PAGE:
See recent World Health Organization Release on CBD
November 2017 World Health Organization Report on CBD
A non-psychoactive cannabinoid that has been featured in much interesting research regarding conditions ranging from anti aging skin care strategies to anxiety, chronic pain, sleep disorders, skin conditions, traumatic brain injury, PTSD, anxiety, to multiple sclerosis and Crohn’s disease! There are many research papers listed under the research paper section of the website with information about the properties of CBD.
How Does CBD interact with THC?
People are different, some prefer CBD only remedies while others do best with THC and CBD in combination. I would say current research seems to indicate that CBD and THC work best together in some sort of ratio for most conditions. Also, interestingly CBD seems to attenuate the psychoactive effects of THC and pure CBD drops are being investigated as an antidote to THC induced paranoia or anxiety – however remember if you smoke THC you feel the effects within seconds to minutes while if you eat CBD it takes 2-3 hours for blood levels to peak.
How do I get CBD into me!
Most patients using CBD consume CBD orally via tinctures, edibles, capsules or concentrated oils – many also apply CBD topically.
What is the optimal dose of CBD?
Great question. Cannabinoid medicine for now is very individualized based on what is being treated and what the patients unique body chemistry is like. Some patients respond to very small doses of CBD (in the range of a few milligrams) to others needing much larger doses of multiple grams. Always start low and observe the effects and how you feel for a few days before changing the dosage. We have seen many people start with 25mg morning and night and slowly increase the dosage over a few weeks.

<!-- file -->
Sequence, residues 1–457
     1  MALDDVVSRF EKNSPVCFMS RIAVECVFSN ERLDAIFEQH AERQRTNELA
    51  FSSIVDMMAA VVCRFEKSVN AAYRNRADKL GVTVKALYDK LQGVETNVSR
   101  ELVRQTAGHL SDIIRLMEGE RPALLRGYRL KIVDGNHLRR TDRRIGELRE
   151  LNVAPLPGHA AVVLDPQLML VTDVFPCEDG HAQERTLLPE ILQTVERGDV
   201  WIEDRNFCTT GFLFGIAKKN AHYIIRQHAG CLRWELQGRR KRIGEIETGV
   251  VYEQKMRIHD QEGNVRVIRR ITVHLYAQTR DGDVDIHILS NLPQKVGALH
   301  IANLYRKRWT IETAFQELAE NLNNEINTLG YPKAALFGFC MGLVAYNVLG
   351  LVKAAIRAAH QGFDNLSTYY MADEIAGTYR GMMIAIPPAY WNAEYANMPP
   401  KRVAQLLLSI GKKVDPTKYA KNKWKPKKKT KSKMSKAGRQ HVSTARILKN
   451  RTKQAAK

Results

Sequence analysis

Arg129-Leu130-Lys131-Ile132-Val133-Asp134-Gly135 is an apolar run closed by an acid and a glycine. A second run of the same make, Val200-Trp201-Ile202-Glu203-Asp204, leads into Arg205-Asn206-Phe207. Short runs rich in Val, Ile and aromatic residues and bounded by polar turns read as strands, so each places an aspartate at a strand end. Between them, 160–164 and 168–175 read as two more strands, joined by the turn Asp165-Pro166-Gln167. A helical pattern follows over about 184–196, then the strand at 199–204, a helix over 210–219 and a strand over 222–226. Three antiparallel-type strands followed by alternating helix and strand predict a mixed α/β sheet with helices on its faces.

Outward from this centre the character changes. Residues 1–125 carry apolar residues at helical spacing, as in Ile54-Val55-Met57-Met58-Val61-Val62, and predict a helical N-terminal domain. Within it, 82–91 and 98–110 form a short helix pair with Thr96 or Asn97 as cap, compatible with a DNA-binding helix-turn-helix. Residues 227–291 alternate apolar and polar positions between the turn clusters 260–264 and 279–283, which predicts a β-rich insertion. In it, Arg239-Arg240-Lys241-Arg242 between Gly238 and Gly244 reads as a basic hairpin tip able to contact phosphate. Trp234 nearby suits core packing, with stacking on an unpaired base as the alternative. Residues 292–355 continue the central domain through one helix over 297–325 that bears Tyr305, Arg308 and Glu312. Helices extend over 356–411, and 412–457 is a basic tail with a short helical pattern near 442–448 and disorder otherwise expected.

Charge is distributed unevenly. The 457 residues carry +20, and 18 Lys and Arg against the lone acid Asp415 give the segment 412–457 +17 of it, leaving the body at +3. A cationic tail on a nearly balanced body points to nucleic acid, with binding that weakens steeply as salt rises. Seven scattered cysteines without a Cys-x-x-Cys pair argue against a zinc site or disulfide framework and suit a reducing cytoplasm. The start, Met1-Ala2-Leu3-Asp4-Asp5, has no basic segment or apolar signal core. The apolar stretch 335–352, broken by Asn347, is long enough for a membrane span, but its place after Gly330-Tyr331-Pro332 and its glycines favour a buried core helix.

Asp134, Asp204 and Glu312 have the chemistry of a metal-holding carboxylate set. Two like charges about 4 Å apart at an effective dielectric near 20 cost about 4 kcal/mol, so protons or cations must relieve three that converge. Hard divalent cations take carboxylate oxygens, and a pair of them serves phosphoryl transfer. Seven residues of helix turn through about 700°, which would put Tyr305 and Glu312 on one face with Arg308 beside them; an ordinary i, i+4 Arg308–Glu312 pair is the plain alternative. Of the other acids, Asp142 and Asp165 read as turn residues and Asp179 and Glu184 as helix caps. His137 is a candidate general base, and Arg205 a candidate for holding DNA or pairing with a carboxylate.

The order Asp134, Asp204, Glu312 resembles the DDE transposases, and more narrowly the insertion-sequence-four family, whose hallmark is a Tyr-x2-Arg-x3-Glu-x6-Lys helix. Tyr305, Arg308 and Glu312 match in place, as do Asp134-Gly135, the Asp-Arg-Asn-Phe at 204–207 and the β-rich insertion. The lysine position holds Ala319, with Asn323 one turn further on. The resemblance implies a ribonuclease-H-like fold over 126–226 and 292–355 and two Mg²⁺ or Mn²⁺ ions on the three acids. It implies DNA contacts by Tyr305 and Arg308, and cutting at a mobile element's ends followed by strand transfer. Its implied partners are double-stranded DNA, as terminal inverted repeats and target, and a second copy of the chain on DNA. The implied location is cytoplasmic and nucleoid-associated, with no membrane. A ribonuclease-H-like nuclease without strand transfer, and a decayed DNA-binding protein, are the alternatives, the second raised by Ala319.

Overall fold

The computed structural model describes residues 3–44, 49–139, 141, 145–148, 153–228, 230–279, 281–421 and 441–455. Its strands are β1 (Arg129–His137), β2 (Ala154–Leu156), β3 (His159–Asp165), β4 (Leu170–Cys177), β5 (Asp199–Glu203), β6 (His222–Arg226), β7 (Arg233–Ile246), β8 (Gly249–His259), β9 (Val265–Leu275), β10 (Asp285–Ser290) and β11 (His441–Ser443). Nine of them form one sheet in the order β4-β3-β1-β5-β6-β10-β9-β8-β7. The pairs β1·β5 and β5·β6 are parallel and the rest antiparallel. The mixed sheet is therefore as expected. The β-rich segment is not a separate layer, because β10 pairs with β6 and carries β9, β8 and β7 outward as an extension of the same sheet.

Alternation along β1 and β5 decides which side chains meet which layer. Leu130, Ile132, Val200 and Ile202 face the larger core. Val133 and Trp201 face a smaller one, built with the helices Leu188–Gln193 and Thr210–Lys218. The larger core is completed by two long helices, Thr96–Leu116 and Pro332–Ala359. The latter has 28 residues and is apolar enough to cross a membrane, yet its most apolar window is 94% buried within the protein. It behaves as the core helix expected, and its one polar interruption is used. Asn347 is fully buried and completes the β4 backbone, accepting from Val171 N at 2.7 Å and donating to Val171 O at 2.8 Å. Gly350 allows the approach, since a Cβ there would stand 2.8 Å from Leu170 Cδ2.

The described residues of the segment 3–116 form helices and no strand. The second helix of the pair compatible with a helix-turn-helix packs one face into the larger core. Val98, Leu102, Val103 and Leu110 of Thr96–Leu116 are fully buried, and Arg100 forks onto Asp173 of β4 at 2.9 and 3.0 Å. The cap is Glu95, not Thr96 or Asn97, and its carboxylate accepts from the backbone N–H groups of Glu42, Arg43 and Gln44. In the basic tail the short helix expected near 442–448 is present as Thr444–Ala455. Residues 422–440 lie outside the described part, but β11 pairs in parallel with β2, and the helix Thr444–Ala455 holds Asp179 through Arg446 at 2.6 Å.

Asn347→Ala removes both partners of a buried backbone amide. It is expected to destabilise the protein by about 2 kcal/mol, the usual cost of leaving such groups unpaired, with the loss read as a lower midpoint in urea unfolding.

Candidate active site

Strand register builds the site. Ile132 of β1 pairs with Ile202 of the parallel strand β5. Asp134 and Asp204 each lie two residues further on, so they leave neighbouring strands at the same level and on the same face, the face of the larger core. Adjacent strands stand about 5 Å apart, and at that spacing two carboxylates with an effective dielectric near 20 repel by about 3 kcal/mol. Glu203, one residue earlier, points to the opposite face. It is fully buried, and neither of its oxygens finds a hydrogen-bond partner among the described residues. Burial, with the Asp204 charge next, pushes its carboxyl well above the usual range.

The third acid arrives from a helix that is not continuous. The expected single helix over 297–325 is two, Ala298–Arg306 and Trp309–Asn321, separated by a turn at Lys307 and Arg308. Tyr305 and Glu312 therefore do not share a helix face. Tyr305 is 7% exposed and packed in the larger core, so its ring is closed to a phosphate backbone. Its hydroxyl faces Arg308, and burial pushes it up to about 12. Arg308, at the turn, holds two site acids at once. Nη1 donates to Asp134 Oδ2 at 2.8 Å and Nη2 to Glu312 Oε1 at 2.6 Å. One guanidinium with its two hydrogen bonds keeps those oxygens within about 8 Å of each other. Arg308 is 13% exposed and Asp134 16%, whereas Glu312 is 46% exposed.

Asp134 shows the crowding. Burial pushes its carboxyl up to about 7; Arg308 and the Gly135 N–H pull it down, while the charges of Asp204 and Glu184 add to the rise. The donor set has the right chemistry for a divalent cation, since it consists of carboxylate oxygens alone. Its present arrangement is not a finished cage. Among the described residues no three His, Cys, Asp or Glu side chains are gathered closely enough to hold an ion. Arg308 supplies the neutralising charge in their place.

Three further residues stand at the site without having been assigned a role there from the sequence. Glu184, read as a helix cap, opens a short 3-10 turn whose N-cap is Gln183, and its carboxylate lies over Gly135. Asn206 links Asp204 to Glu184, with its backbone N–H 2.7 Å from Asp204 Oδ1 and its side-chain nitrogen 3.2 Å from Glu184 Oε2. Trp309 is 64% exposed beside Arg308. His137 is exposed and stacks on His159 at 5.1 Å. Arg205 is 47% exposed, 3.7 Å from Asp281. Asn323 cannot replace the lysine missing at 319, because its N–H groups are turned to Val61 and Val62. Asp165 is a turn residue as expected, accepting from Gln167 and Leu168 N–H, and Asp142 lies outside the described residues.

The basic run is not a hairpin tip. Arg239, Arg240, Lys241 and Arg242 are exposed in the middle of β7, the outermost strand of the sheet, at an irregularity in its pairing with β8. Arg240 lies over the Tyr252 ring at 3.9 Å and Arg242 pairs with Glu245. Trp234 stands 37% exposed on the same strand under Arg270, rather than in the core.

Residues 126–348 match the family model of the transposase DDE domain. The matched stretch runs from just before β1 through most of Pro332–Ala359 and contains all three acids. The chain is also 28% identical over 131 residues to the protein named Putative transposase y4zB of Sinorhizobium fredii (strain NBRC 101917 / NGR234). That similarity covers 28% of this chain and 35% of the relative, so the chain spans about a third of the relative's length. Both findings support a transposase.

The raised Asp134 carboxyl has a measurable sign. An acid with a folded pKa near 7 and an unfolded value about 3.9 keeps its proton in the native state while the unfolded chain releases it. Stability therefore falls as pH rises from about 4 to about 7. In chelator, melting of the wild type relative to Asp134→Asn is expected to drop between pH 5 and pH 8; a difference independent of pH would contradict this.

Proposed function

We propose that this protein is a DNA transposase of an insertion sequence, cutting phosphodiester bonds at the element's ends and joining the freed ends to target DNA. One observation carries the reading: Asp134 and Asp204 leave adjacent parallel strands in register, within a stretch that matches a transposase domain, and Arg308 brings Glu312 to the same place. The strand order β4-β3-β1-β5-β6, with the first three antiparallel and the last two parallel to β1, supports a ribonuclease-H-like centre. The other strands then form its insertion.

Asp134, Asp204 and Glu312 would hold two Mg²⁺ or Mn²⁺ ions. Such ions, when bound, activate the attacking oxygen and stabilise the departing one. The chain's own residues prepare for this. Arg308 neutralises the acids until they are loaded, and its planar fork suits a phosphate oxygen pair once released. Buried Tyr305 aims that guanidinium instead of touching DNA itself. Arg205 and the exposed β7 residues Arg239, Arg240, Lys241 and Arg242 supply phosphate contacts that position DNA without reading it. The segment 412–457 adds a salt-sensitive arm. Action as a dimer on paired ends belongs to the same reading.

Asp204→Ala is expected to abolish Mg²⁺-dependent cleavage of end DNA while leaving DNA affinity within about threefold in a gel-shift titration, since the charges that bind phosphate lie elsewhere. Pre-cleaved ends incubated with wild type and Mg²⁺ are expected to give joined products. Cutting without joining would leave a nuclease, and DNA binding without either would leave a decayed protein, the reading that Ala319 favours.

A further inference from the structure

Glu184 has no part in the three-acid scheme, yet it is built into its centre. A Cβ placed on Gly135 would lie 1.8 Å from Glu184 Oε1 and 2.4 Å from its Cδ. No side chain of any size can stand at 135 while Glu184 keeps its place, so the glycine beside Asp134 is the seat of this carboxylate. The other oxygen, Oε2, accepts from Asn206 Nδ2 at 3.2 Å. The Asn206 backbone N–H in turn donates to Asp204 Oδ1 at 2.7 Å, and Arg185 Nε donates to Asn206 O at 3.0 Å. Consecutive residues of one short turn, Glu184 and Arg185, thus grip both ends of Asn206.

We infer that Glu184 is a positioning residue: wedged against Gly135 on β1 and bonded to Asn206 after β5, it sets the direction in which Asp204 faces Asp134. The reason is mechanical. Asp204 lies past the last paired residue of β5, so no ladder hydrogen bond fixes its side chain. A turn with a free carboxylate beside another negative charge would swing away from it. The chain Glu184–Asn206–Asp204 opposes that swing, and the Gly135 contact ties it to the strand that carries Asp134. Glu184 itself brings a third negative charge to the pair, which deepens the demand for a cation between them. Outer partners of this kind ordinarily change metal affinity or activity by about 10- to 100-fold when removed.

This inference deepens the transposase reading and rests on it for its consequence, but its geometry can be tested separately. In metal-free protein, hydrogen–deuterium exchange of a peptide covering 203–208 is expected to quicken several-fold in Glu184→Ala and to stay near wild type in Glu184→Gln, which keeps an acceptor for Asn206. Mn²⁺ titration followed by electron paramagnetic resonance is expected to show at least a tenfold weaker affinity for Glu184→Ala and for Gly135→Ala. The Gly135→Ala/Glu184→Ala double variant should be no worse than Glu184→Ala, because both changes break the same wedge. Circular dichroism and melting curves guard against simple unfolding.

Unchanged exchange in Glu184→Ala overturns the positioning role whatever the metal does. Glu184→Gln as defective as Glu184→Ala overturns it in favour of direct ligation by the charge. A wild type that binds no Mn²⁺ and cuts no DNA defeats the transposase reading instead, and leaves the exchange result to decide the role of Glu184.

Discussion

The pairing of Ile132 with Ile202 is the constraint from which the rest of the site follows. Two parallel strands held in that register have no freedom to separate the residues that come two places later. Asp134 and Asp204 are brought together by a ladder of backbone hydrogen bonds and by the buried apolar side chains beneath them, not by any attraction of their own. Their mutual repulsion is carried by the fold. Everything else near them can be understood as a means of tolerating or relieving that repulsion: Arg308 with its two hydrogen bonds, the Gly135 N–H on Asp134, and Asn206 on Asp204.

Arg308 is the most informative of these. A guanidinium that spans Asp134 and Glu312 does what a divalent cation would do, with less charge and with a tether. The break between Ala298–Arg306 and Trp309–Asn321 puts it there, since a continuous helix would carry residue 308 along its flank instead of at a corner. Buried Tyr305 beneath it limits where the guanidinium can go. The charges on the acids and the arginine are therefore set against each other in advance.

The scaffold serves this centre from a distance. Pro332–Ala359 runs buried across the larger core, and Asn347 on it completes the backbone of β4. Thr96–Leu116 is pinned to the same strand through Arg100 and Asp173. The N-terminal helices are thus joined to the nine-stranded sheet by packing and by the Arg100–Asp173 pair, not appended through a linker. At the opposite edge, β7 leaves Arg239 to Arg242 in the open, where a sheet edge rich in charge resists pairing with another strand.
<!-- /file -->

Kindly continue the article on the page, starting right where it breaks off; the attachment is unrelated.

What is the best ratio of CBD/THC for seizures or other conditions?
Hard question, cannabinoid therapy seems to be individualized medicine. Some patients respond best to CBD rich oil alone, some do better with the addition of THC or THCa.
Sensitivity to THC can be a major factor too in determining the best ratio for a patient, high CBD Oil products have little to no high which can be great for those sensitive to THC.
When thinking of treating with CBD a takeaway point from current research that could be clinically applicable is to find a high CBD Oil product with as much THC in it as the patient is comfortable with. Patients must experiment with the medicine by starting at low doses and finding what works best for them.
Certain disorders do seem to indicate more of a 1:1 ratio of THC to CBD may be more effective – pain, cancer, and others, while others like anxiety and seizures seem to do better with a higher CBD to THC ratio. It is important not to give THC a bad name because of the psychoactivity the molecule causes, as the substance has many great applications and we stand to learn much from research on THC in years to come.
How do I select a good CBD product?
As always look for lab testing verifying the product is free of mold, pesticides and bacteria. The ratio of CBD:THC should be clearly indicated.
DrD’s takeaway learning point
Different people respond best to different things – Don’t be afraid to experiment with products that contains only pure CBD Oil and some products that have different ratios of CBD to THC.
CBD and THC inhibit the cytochrome p450 enzymes which can change the rate at which the body metabolizes SSRIs and warfarin amongst other drugs. Patients should follow with their physician when starting therapy.